James McCray

From Wikipedia, the free encyclopedia
Jump to navigation Jump to search

James McCray was an American operatic tenor and voice teacher.

Life and career[edit]

Born in Ohio, McCray served in the United States Marine Corps during the Korean War before entering the Mannes School of Music in New York City where he was a pupil of Patricia Neway. In 1962 he won the Metropolitan Opera National Council Auditions.[1] In the Spring of 1965 he was active with the Concert Opera Association at Philharmonic Hall in NYC, singing Chekalinsky in The Queen of Spades[2] and Francesco in the United States premiere of Hector Berlioz's Benvenuto Cellini.[3] The following summer he appeared at the Stratford Festival of Canada as Jimmy Mahoney in Kurt Weill's Rise and Fall of the City of Mahagonny.[4]

From 1965-1968 McRay was active with the Israel National Opera; performing such roles as Canio in Pagliacci, Cavaradossi in Tosca, Don Jose in Carmen, Manrico in Il trovatore, Riccardo in Un ballo in maschera, and Samson in Samson et Dalila. In 1969 he made his debut at the New York City Opera as Vladimir Igorevich in Alexander Borodin's Prince Igor.[1] The following year he sang the role of Count Loris Ipanov in Victorien Sardou's Fedora with the Opera Orchestra of New York, conductor Eve Queler, and soprano Judith de Paul in the title role.[5] In 1971 he portrayed the role of Dick Johnson in La fanciulla del West at the Minnesota Opera.[6] That same year he performed the role of Manrico with Irene Dalis and Betty Allen alternating in the role of Alzucena for the San Francisco Opera.[7] In 1972 he created the role of Ken in the world premiere of Harold Farberman's The Losers which was commissioned by the Juilliard School.[8]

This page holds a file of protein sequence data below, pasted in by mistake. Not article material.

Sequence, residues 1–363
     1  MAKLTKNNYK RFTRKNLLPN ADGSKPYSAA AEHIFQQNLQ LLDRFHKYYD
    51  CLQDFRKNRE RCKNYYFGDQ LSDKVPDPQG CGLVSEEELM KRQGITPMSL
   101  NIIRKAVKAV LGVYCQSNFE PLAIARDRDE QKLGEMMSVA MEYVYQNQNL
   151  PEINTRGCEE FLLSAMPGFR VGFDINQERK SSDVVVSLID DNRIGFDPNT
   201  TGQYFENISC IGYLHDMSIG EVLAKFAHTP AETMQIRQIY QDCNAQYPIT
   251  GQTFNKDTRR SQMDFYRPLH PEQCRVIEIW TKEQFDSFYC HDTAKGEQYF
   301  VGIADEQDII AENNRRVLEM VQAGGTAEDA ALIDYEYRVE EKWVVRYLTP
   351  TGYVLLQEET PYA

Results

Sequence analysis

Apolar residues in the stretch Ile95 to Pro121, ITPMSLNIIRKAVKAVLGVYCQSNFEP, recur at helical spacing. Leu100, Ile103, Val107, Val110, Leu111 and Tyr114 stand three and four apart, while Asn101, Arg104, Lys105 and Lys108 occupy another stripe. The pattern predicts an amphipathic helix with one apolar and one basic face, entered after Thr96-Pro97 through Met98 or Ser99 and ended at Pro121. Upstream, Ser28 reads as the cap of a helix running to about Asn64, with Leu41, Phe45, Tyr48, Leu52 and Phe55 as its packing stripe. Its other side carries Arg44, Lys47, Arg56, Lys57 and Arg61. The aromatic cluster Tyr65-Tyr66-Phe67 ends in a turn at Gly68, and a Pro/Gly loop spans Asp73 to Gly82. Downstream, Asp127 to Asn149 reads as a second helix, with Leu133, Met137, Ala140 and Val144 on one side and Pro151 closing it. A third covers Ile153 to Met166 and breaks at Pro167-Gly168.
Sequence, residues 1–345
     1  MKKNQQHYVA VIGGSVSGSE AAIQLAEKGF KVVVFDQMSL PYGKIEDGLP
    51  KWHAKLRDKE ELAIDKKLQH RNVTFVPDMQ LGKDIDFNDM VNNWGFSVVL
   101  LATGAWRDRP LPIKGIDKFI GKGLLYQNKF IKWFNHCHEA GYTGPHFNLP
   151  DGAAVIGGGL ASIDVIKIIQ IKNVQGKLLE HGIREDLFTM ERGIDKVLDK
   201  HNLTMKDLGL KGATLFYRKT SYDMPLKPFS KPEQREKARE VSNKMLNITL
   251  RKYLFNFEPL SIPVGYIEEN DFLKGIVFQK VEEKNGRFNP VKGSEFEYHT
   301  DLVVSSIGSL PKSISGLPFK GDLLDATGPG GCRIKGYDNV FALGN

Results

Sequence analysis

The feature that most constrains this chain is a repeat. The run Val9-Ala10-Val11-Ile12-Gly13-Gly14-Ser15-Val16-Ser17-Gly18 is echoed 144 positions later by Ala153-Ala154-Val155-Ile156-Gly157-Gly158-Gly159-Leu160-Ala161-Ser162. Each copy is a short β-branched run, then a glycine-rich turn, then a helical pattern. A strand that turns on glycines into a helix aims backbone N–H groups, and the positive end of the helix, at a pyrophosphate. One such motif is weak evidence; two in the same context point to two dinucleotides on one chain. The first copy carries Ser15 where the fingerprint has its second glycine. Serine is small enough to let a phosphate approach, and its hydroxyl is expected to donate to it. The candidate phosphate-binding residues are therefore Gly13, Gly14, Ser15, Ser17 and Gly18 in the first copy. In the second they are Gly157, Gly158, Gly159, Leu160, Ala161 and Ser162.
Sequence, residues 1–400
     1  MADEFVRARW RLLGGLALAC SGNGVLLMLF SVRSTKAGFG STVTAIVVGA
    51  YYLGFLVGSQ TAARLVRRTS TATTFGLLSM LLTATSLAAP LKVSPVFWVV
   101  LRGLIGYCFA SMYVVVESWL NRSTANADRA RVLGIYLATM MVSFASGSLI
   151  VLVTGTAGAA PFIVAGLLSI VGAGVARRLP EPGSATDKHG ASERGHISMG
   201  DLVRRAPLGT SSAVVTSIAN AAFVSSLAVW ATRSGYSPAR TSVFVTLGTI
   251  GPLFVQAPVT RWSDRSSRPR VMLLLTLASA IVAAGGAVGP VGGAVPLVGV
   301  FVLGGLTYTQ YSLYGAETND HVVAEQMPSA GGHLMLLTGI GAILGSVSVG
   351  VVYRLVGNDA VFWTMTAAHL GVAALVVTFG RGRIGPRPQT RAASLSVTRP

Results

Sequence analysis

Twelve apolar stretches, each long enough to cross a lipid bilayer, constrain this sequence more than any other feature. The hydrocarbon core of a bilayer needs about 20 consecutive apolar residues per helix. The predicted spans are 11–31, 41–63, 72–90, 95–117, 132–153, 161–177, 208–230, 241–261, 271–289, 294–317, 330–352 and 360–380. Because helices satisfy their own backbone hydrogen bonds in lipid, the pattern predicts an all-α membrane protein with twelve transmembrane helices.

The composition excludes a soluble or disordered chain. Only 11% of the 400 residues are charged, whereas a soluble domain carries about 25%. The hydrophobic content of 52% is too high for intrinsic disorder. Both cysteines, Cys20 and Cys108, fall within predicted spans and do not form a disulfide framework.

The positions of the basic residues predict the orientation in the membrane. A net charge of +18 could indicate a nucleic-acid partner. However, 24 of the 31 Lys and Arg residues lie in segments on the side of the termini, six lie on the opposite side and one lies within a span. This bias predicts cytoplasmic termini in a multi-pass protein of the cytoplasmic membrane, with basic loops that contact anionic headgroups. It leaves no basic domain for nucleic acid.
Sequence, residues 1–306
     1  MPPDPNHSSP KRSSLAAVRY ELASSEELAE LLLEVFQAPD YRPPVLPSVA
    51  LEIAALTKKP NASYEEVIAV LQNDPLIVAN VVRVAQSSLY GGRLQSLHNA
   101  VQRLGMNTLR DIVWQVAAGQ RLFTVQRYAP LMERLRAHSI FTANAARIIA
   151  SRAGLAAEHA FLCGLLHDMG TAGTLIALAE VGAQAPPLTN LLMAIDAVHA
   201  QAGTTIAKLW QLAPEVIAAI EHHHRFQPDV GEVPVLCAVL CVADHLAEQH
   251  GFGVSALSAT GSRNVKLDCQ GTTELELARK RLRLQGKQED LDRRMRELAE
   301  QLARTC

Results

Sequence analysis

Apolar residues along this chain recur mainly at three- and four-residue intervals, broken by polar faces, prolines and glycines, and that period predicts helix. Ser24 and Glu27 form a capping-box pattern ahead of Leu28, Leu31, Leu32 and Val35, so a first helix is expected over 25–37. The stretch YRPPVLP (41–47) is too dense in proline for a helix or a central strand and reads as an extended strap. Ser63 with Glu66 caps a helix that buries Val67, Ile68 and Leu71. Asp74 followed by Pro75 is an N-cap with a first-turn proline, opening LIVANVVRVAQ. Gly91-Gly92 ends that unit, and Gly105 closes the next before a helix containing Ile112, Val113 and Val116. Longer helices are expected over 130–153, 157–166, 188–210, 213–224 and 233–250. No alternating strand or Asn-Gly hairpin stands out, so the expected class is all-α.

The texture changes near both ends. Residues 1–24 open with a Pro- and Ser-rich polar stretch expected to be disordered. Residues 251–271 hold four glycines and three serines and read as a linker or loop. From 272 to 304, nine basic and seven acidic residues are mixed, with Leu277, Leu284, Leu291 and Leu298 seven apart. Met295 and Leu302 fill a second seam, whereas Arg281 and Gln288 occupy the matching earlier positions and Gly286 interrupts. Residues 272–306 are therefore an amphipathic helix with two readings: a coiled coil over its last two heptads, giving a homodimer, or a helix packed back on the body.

From 1974-1976 McCray performed annually with the Greater Miami Opera Association, portraying roles in productions of Robert Ward's The Crucible, Richard Wagner's The Flying Dutchman, and Giuseppe Verdi's Otello under conductor Emerson Buckley. In 1977 he had a particular triumph at the Seattle Opera as Siegfried in Wagner's The Ring Cycle.[9]

After retiring from singing, McCray lived and taught in The Hague, Netherlands at the McCray International Studio for Vocal Arts. He died in January 2018.[10]


  1. ^ a b Allen Hughes (September 29, 1969). "James McCray, Tenor, Makes Debut in 'Igor'". The New York Times.
  2. ^ Harold C. Schonberg (February 16, 1965). "Music: 'Pique Dame' in Concert Style; Tchaikovsky's Opera at Lincoln Center Principal Role Sung by Bolshoi Artist" (PDF). The New York Times.
  3. ^ Raymond Ericson (March 23, 1965). "Music: 'Cellini' Premiere; A Concert Version of the Berlioz Opera Often Creates Brilliant Effects" (PDF). The New York Times.
  4. ^ Harold C. Schonberg (July 8, 1965). "Music: 'Mahagonny' Given at Stratford; Brecht-Weill Opera Proves Unsettling". The New York Times.
  5. ^ Raymond Ericson (November 22, 1970). "All About Eve; Queler That Is". The New York Times.
  6. ^ Raymond Ericson (February 28, 1971). "Where are the Cantors?; Matters Operatic". The New York Times.
  7. ^ "Il trovatore (1971)" (PDF). San Francisco Opera Archives.
  8. ^ Harold C. Schonberg (March 28, 1971). "The Opera: Fellowship of the Road in 'The Losers'; Juilliard Presents New Work by Farberman" (PDF). The New York Times.
  9. ^ "Sellout Audiences Diverse: Opera feat is unequalled". Lawrence Journal-World. July 28, 1977.
  10. ^ Breaking news : American tenor JAMES MCCRAY and Italian soprano CLAUDIA CARBI died in January

External links[edit]